Developer's Guide

Getting started

Step 1. Create a web page including the seen library. Coffeescript is optional, but all the sample code (as well as the library source) is all coffeescript.

    <script src="seen.min.js"></script>
    <script src="//"></script>

    <svg width="400" height="400" id="seen-canvas"></svg>
    <!-- OR -->
    <canvas width="400" height="400" id="seen-canvas"></canvas>

    <script type="text/coffeescript">


Step 2. Create a scene with a single shape and render it using a context.

  # Create a shape
  shape = seen.Shapes.tetrahedron()

  # Create scene and add shape to model
  scene = new seen.Scene
    model    : seen.Models.default().add(shape)
    viewport :, 400)

  # Create render context from canvas
  context = seen.Context('seen-canvas', scene)

  # Render it!


If you've ever coded OpenGL, DirectX or used another 3D library, many of these primitives should already be familiar to you. All of the demo projects define primitives in roughly this order.

We define a shape as a set of planar surfaces in 3D space. The shape also includes a material, containing color and surface properties, and a painter, which ultimately determines how to draw the geometry on screen.

You can instantiate a new shape like so:

  # A predefined primitive
  shape = seen.Shapes.tetrahedron()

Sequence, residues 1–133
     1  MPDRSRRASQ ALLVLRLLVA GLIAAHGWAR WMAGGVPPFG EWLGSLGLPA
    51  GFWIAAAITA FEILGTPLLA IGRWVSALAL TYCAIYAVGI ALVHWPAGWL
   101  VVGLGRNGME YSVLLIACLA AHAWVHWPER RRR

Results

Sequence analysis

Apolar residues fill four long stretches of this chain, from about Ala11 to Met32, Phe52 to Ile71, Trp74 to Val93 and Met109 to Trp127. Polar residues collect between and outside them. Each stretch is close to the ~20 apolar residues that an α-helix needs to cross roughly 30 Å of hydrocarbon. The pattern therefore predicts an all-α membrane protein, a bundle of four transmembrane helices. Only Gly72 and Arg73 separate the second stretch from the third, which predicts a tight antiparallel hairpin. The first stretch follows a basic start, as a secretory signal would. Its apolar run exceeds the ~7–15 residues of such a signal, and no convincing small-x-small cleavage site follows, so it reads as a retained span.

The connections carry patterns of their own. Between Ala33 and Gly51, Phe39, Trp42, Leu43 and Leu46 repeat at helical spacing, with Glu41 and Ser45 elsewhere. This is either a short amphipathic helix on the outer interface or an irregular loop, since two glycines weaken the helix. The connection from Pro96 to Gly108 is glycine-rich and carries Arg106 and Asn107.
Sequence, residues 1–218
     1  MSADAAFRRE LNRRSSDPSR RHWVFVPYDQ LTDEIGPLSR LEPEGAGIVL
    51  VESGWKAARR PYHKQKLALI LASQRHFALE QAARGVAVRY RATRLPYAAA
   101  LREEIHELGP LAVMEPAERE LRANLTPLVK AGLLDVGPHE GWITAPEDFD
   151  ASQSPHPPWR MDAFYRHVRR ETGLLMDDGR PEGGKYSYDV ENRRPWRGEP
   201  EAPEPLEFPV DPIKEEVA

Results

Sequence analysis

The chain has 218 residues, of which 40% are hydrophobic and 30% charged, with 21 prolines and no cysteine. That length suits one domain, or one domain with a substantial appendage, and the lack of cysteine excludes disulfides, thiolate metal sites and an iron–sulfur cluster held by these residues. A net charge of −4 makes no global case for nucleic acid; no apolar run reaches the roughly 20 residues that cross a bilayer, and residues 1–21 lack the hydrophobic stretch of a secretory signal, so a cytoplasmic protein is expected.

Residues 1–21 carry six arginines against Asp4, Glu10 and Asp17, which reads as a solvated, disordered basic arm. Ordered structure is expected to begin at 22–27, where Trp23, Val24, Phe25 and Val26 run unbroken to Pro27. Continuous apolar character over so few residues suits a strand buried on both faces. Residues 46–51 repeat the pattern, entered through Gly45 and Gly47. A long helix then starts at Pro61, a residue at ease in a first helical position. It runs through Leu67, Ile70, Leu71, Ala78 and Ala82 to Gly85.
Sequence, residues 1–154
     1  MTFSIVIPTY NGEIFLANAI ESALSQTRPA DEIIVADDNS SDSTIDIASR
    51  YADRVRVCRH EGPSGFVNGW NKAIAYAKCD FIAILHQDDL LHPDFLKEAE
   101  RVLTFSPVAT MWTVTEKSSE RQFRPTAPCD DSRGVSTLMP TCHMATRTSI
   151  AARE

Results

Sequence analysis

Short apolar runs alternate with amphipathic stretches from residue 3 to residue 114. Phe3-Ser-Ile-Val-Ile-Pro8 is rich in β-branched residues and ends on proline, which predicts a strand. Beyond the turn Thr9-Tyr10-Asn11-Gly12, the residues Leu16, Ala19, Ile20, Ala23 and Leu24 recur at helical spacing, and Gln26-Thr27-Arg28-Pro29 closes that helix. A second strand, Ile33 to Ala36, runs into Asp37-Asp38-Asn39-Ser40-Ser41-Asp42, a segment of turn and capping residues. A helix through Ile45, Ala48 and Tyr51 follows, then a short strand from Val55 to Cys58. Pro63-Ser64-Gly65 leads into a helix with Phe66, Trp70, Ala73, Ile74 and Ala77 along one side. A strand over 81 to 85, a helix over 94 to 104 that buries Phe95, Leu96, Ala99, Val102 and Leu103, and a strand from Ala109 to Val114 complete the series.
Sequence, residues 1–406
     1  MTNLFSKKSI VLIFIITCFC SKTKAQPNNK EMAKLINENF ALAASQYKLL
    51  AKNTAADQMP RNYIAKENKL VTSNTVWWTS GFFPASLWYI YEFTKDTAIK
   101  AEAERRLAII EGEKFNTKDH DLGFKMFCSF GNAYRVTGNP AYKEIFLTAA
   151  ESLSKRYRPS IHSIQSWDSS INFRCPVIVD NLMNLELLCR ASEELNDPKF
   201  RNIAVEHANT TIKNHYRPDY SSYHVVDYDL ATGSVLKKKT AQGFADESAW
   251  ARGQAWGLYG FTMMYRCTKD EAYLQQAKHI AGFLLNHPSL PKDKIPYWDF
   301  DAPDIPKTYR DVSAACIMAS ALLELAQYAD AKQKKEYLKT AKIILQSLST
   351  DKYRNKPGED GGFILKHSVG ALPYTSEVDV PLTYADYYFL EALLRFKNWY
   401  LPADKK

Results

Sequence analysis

# A custom shape
  shape = new seen.Shape('my shape', [new seen.Surface([

Shapes are contained within hieriarchical models. Each model has its own transformation matrix and can contain shapes, lights, and other models. The lights in a model apply to shapes in that model and all the child models.

  model = seen.Models.defaultModel() # Use this. It contains the default lights.

Spawn a new child models easily using .append():

  childModel = model.append()

A scene is composed of a model, viewport, and a camera. The viewport and camera contain the projection transformations to take the shapes from object space to screen space.

  scene = new seen.Scene(
      model    : model
      viewport :, height)
      camera   : new seen.Camera
        projection : seen.Projections.perspective()

The default projection is perspective. Defining the viewport width/height like the above will center the scene in the view and object space will map 1:1 with screen space in the z=0 plane.

Finally, a graphics context is defined to render the scene into SVG or HTML5 Canvas.

  # Create an empty context then add the scene to it
  context = seen.Context('id-of-svg-or-canvas')

  # Create a context that contains the scene layer
  context = seen.Context('id-of-svg-or-canvas', scene)

You can add multiple SceneLayers to a single context or re-use a scene in multiple contexts. Or, use one shape, generate many angles with scenes, and render them all in different contexts.

Render Contexts (SVG vs. Canvas)

Seen.js contains a simple abstraction on top of the graphics capabilities of SVG and HTML5 Canvas elements. All of the other components of this library are agnostic to the type of context it will be rendered in. However, there are some performance considerations.